> some way of telling when each entry was added and removed from the map. Your
> timestamps seem the only option - albeit a complicated one.

Actually, first, is it OK for additions/removals during the actual
creation (but not after)? If so, my original solution will work.

If not, in lieu of timestamps, you can decorate your map and record
undo objects. At the point where you want your "snapshot," you ask the
map for an undo version (this will be an index into the list of undo
objects, the map will start recording them if it isn't already). Next,
create your copy by iterating over the map and take another undo
version (this also tells the map you're done which means it may be
able to stop recording). Now execute the undo objects against your map
copy and you should have a snapshot of the map at the point your took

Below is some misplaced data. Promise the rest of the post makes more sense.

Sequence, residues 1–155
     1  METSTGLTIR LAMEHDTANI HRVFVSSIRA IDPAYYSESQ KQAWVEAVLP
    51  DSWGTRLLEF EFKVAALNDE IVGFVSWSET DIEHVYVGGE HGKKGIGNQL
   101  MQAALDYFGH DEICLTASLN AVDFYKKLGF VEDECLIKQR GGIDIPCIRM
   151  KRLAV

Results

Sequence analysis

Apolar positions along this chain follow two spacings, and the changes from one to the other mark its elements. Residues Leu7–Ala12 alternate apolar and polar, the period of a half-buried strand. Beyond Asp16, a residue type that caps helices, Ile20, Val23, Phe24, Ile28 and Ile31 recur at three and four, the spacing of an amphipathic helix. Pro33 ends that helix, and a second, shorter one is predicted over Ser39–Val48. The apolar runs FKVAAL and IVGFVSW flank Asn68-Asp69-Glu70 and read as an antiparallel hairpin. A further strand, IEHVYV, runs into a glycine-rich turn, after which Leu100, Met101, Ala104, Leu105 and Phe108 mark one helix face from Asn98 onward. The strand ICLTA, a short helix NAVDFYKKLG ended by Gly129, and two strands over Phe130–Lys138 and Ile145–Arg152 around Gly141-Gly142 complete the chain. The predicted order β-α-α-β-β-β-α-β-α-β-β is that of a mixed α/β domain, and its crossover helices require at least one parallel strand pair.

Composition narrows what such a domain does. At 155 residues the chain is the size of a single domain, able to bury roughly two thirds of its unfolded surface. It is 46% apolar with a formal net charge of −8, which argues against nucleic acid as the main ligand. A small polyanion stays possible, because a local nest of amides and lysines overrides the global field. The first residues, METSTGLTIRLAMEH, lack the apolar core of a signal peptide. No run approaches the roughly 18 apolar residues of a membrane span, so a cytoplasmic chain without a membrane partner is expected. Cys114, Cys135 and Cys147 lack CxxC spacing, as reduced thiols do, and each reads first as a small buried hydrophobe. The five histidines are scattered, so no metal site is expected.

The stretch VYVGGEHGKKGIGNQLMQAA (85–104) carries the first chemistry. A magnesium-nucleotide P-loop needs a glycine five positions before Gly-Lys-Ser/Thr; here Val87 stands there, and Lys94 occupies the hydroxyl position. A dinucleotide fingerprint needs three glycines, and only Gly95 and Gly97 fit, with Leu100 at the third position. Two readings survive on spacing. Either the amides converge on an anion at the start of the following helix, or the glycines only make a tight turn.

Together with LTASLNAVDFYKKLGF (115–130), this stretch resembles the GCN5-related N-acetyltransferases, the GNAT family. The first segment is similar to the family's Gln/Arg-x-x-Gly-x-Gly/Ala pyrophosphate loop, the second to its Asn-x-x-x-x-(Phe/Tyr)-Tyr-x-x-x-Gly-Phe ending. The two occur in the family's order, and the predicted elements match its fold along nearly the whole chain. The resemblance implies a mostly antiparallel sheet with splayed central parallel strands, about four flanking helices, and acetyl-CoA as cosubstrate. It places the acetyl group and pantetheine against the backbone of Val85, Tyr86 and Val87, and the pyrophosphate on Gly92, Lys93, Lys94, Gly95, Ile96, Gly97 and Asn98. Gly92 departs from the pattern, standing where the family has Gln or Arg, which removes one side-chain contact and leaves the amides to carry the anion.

the first undo version.

As this is a concurrent map, entries can be added/removed at the time
you take the actual snapshot (which means the snapshot would include
the change). Is this acceptable?

The neat thing about this is you can implement it as a decorator and
it will work with any concurrent map (i.e. no hacking the internals of
CHM).

Bob

_______________________________________________
Concurrency-interest mailing list
[hidden email]
http://altair.cs.oswego.edu/mailman/listinfo/concurrency-interest
Reply | Threaded
Open this post in threaded view
|

Re: Timestamps-based ConcurrentMap

Bob Lee-8
In reply to this post by Jean Morissette-2
On 3/10/06, Jean Morissette <[hidden email]> wrote:
> However, they need to reflect the
> state of the map at the creation of the iterator, independently of the
> map update operations.

Can you give a little more detail on your requirements? I've
implemented most of what you've said so far, but I'm not sure why
something like this would be useful. Not tested:

/**
 * Does not support null values.
 */
public class SnapshotMap<K, V> implements ConcurrentMap<K, V> {

  ConcurrentMap<K, V> delegate;
  volatile Undos undos;

  public SnapshotMap(ConcurrentMap<K, V> delegate) {
    this.delegate = delegate;
  }

  public V putIfAbsent(final K key, final V value) {
    V v = delegate.putIfAbsent(key, value);
    // assume absence if old value is null.